In the first nine hours after Katrina came ashore, Coast Guard helicopter crews had rescued 137 people.

A Coast Guard rescue swimmer with the pilots from Airstation Atlantic City, N.J., prepares an elderly man and woman for transport to safety. Official Coast Guard photo.

A Coast Guard rescue swimmer with the pilots from Airstation Atlantic City, N.J., prepares an elderly man and woman for transport to safety. U.S. Coast Guard photo.

Although Coast Guard crews conduct rescue missions every day, little could prepare them for the dangers they encountered during the Hurricane Katrina rescues.

“The first few days I would say the most challenging part was wires,” said Cmdr. Patrick Gorman, an HH-60 Jayhawk helicopter pilot on the first rescue missions. “Wires are the worst thing that can happen to a helicopter. In fact they are referred to as ‘helicopter catchers.’ I start sticking rotor blades in the wires and we’re done.”

Improvising proved to be the key to success.

When the rescue swimmers determined that many residents were trapped in their attics and were unable to reach their roofs, the swimmers began chopping through the roofs with the small crash axes carried aboard the helicopters. When these proved to be problematic due to their small size, the swimmers would ask for an ax from any nearby firemen when they landed to offload their rescued passengers.

For the rescue swimmers involved in Katrina an important part of their job was crowd management where they had to practice a bit of psychology to get everyone to follow their orders. Swimmers are trained in rescue swimmer school to handle a struggling person in the water, but controlling a situation on a rooftop dealing with armed persons was not part of that training.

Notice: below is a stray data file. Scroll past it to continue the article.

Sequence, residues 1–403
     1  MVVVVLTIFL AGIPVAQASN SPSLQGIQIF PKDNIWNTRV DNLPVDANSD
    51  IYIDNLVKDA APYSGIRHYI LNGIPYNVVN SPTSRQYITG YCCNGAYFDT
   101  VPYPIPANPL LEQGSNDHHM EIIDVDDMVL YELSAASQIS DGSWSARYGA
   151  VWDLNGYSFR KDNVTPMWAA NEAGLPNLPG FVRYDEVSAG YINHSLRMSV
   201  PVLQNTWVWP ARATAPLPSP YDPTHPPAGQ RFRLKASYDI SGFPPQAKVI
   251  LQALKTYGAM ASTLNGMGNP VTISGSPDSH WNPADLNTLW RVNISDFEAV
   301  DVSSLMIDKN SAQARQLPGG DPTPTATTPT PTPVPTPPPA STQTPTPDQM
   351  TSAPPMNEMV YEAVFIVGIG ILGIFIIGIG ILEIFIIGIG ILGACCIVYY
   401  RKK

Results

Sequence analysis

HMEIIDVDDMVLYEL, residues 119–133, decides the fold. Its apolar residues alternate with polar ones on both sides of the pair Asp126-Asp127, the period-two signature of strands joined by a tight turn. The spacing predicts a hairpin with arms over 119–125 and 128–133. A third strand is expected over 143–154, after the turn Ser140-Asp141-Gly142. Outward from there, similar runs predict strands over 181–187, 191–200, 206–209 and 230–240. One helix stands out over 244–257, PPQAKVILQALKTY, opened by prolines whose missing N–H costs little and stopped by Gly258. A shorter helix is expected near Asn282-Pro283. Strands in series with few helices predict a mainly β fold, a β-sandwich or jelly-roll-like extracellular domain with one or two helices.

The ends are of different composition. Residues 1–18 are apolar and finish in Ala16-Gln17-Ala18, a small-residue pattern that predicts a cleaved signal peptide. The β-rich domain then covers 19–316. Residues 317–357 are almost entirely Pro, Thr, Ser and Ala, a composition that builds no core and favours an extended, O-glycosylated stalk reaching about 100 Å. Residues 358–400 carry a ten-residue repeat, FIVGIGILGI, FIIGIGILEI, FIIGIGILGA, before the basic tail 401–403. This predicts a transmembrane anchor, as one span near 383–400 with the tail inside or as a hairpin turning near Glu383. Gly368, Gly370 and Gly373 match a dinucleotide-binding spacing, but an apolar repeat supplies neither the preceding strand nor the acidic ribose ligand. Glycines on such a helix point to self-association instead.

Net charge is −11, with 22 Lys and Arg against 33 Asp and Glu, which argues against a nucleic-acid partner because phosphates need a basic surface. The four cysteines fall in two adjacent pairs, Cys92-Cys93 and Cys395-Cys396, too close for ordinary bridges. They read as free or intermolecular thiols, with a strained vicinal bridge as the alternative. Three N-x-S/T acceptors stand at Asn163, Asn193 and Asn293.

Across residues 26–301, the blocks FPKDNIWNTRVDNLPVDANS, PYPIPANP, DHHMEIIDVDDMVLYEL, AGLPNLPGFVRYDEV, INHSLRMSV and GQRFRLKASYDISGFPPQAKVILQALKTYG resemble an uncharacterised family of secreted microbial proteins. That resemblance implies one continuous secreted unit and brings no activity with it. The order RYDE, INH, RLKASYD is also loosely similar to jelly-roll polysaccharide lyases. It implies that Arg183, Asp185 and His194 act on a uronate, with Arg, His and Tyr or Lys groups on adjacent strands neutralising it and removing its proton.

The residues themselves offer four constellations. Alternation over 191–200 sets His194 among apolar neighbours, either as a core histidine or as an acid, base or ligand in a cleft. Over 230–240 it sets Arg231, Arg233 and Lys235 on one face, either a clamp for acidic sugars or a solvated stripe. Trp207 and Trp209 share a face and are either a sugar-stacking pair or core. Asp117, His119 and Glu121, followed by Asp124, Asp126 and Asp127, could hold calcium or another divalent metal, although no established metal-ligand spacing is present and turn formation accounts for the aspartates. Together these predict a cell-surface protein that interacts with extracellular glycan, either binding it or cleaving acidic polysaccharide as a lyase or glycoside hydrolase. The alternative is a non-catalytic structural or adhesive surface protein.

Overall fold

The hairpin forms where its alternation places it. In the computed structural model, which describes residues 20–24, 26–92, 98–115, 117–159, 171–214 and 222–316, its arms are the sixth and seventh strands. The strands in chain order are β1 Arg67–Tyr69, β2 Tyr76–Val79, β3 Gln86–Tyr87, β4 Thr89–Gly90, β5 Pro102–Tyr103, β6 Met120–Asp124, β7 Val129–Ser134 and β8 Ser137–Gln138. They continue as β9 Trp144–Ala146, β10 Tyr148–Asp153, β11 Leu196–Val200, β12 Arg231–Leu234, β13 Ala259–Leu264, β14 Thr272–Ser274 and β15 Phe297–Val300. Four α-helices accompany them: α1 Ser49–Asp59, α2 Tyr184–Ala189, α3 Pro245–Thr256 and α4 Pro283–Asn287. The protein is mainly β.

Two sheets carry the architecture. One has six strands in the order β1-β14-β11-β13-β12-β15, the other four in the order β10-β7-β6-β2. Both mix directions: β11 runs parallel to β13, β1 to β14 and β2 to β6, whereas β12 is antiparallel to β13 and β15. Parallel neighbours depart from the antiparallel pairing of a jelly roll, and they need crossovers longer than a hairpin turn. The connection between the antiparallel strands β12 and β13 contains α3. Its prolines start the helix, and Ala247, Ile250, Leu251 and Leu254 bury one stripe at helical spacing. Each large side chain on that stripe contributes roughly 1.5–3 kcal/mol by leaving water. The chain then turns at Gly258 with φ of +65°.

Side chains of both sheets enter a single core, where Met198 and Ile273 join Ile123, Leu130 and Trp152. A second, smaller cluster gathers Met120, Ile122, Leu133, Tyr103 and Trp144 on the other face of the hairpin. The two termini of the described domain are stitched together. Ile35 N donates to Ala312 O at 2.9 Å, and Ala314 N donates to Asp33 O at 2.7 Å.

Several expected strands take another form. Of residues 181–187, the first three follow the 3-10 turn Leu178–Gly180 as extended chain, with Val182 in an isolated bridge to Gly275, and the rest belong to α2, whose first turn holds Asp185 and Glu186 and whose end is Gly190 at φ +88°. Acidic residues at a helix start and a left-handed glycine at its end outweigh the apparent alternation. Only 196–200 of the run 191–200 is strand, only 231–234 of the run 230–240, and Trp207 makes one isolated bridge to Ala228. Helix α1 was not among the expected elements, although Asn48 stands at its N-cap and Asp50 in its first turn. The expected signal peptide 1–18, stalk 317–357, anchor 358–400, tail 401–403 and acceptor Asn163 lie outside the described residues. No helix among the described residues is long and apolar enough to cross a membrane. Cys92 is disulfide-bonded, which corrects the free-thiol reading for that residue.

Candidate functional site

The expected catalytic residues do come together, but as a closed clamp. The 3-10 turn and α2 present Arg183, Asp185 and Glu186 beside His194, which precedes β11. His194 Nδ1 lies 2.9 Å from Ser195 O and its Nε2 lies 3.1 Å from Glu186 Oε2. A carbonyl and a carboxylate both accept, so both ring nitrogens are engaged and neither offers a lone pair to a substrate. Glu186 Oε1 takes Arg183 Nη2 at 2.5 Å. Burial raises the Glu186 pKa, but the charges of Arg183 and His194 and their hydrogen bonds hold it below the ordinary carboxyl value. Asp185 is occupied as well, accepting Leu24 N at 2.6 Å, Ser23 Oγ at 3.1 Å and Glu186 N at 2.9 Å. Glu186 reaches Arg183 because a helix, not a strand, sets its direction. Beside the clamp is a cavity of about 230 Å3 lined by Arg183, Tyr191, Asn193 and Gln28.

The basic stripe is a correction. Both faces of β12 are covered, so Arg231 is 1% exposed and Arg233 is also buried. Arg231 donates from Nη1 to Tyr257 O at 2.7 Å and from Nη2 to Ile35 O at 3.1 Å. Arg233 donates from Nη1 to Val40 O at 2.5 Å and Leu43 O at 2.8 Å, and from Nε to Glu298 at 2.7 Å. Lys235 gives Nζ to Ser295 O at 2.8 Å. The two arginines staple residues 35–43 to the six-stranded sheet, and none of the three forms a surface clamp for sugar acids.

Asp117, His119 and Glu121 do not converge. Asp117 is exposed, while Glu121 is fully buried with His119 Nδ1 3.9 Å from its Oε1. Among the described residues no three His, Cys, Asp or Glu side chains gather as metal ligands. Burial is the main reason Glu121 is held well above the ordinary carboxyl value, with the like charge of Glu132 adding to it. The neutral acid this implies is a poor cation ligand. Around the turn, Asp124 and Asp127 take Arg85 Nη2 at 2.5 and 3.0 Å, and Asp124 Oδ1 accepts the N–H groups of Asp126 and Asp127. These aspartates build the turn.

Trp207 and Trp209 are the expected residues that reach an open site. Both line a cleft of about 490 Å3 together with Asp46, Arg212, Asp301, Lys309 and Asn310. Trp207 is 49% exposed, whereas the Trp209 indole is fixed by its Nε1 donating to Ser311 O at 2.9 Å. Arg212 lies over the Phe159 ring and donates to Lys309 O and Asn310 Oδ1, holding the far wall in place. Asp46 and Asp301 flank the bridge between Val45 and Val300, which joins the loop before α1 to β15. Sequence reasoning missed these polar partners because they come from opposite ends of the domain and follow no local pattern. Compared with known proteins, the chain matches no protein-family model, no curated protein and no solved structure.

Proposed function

Petty Officer 3rd Class Rob Williams, an aviation survival technician,  found himself in this type of dangerous situation on the roof of a hotel.

He was a crewman aboard a Corpus Christi HH-65B Dolphin helicopter that was deployed to rescue a reported 150 persons trapped on the roof of a Days Inn near Lake Pontchartrain. As he was lowered to the hotel’s roof, three men armed with knives approached him. They told him they also had a firearm and demanded to be rescued first. Williams faced down the three men and organized the survivors’ rescue by immediate need, ultimately getting all 150 victims off the roof safely.

Members of a Louisville, Ky., based Coast Guard Disaster Area Response Team approach a house in a flooded area near Lake Pontchartrain. Coast Guard crews continue to search for survivors of Hurricane Katrina who may be trapped in their homes. USCG photo by L.F. Chambers.

Members of a Louisville, Ky., based Coast Guard Disaster Area Response Team approach a house in a flooded area near Lake Pontchartrain. Coast Guard crews continue to search for survivors of Hurricane Katrina who may be trapped in their homes. U.S. Coast Guard photo by L.F. Chambers.

In total, the Coast Guard had 26 cutters, 38 helicopters, 14 fixed-wing aircraft, 13 Auxiliary aircraft, 119 boats and eight Marine Safety and Security Teams and Disaster Assist Teams and more than 5,600 Coast Guard men and women involved in the rescue.

At the peak of the Katrina response, the Coast Guard rescued 750 people an hour by boat and 100 people an hour by air.

As the clock wound down on the first day following landfall, Coast Guard men and women knew that it was only the beginning of a long and demanding rescue and recovery operation.